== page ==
Environmental, social concerns on Gen Next designers' agenda

Akhil said through his brand AKHL, he wants to address the "existential threats" to humanity.

"There is no denying that today the climate crisis has become an existential threat to humanity and designers and entrepreneurs of all ages must respond to it the best way they can.

"I think it is imperative for young designers to understand their product and their creative vision and find their own unique way of being environmentally sustainable. It's crucial to find the right way to contribute as a designer and a brand," the 28-year-old designer told.

Akhil, who worked with fashion industry big-wigs Peter Pilotto, Manish Arora and Amit Aggarwal in Delhi before establishing his label in 2019, presented a collection inspired by tensile structures.

To create his dramatic-yet-wearable range, dominated by the shades of grey, he sourced surplus fishing monofilament yarns from villages in the state and reworked them as embroidery yarns.

Ananya, a Delhi-based designer, said her label All2Defy is inspired by the socially conscious young generation that is not scared to talk about issues like gender equality and body positivity.

"All2Defy is inspired by youth culture - and for me it stems from the lingo that we use and the freedom of speech that we encourage. Each of these inspirations are incorporated through graphics and language in our product," she added.

The 26-year-old designer said urban fashion is not only about trends but also reflects one's persona and opinions.

"Your style - which isn't just the way you put together your clothes - extends to your body language, your persona, your thoughts and ideas, and your opinions, and this is what makes you unique and this uniqueness is what the youth of today aims to achieve."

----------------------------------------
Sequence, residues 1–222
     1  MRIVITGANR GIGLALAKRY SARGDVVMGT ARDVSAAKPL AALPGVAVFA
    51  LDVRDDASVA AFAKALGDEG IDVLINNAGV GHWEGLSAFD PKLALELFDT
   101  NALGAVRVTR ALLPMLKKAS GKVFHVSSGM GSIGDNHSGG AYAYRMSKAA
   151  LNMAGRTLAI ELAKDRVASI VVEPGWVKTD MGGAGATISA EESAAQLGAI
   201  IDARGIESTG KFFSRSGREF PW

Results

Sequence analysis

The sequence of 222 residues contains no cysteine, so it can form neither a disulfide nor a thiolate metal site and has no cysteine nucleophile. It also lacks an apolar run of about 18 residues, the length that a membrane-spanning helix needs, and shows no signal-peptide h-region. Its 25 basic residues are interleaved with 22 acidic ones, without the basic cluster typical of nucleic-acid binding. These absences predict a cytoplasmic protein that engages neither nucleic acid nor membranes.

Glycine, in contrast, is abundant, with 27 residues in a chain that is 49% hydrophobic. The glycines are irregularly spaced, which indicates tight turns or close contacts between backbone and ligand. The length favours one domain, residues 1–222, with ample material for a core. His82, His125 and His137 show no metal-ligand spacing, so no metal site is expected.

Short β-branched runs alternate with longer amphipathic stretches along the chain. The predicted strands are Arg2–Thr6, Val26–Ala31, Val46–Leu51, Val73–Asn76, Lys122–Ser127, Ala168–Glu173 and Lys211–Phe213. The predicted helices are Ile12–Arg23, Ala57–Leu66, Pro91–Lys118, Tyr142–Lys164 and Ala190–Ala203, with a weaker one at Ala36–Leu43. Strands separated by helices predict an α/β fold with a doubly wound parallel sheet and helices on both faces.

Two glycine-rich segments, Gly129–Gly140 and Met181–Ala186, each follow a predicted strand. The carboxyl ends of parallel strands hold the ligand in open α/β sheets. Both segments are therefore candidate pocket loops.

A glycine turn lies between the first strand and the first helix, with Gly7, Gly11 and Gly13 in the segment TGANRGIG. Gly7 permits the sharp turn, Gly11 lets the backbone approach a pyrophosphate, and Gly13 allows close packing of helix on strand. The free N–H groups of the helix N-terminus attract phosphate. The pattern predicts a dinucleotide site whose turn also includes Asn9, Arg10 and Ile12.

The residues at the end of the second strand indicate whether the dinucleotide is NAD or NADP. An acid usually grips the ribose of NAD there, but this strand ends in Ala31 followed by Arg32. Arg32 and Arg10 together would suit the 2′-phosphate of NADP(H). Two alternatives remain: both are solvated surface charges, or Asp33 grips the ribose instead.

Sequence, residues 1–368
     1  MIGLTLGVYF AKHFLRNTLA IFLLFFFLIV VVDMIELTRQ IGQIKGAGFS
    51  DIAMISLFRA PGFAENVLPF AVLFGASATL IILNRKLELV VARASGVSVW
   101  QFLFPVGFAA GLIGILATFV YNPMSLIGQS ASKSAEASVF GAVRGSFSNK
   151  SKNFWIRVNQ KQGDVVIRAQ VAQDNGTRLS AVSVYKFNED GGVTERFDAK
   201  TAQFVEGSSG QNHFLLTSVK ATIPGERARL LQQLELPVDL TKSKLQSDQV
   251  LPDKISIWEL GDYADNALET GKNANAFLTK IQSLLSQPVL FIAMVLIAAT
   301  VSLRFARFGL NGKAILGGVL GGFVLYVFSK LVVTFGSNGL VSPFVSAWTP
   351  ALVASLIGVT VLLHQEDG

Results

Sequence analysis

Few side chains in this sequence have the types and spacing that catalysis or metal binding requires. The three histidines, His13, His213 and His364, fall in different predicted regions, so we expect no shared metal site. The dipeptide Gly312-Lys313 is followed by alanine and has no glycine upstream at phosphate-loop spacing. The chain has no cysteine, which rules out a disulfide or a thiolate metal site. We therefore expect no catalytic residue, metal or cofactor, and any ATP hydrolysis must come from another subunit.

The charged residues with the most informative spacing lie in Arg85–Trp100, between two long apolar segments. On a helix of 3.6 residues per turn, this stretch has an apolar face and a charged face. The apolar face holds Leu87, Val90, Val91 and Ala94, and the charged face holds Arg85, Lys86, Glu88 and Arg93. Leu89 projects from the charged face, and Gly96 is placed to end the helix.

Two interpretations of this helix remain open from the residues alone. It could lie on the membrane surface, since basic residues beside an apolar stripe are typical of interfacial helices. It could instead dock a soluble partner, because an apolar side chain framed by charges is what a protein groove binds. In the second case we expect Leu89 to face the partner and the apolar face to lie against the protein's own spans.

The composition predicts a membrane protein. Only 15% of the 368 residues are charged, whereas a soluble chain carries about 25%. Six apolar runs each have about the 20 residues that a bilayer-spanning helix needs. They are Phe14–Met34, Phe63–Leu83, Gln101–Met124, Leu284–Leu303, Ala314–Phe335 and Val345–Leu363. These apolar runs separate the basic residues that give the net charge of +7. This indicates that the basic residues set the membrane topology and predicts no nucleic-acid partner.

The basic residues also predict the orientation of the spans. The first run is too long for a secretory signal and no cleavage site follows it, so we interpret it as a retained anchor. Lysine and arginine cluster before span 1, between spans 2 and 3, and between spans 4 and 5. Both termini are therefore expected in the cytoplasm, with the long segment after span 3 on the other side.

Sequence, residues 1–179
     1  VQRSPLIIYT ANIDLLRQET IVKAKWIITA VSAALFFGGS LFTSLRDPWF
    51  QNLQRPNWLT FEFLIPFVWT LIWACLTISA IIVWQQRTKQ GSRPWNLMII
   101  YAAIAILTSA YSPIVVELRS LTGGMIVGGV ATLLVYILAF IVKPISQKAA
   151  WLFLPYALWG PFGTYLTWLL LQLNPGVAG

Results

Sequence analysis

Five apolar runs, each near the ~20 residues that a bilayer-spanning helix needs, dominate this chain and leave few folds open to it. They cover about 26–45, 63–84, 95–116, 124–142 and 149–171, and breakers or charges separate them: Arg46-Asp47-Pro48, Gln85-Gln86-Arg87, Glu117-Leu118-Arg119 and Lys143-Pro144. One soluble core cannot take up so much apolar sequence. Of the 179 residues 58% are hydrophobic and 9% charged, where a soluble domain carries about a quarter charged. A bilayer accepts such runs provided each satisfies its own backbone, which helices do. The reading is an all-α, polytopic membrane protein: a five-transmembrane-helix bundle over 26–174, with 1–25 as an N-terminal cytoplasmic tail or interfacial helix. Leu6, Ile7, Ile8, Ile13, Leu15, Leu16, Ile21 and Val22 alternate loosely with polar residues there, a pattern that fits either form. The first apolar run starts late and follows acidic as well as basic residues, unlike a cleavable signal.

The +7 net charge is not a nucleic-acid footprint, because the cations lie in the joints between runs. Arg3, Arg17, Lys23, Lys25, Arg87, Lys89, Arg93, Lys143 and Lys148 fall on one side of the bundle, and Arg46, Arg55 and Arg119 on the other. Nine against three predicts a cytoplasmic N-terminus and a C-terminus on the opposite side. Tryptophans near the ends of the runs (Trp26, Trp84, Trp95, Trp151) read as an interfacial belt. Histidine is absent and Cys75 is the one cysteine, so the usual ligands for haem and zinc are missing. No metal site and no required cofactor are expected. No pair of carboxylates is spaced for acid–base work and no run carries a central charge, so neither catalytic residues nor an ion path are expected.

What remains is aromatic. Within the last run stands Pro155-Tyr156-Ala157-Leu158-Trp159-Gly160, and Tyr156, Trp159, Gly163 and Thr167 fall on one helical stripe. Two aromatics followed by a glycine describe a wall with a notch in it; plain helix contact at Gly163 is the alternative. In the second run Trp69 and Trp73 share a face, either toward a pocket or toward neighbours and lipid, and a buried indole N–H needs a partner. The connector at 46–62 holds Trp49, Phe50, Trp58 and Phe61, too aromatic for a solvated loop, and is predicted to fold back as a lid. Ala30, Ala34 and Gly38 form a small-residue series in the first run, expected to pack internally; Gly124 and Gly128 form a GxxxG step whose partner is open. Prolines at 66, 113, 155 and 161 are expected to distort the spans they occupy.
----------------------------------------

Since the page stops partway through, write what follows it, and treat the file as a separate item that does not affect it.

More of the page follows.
Chandrima, who launched her eponymous label last year, after working with fashion giants like Abu Jani-Sandeep Khosla and Rohit Bal, said it is a duty of each individual involved in the fashion circuit to contribute in the betterment of the society.

"With the way our industry is affecting the environmental and social norms, it's the duty of each individual involved in the process to contribute in the betterment of the society by being fair and socially responsible. It is necessary for young labels to address the issues," she said.

On the LFW runway, Chandrima celebrated diversity in crafts by blending techniques and fabrics prominent in nomadic communities in India, with international style.

"The motive behind it is to sustain the folklore of India and cultural diversity by incorporating Indian crafts and bringing them to global platforms through fashion," she said.

Delhi-based designer duo Mannat and Harshna believe relevance of design cannot be defined without keeping the dynamics of social, political and environmental impacts in consideration.

"Political volatility impacts minute but crucial details like fabric pricing, social welfare of your workers, etc. With respect to the environment, effects of manufacturing have to be spoken of at large." Mannat said.

"Being at a podium where we get a chance to narrate, address and accredit importance to certain issues that are being brought up by the young Indians, is a great opportunity. Design is one face of the industry. Responsibility is the other," added Harshna.

For the latest collection of their label GRAINE, the designers reused discarded rubber tyres, meticulously hand cut into strips and other shapes and then embellished the garments with Zardozi handwork.

LFW Summer/Resort 2020 runs till February 16.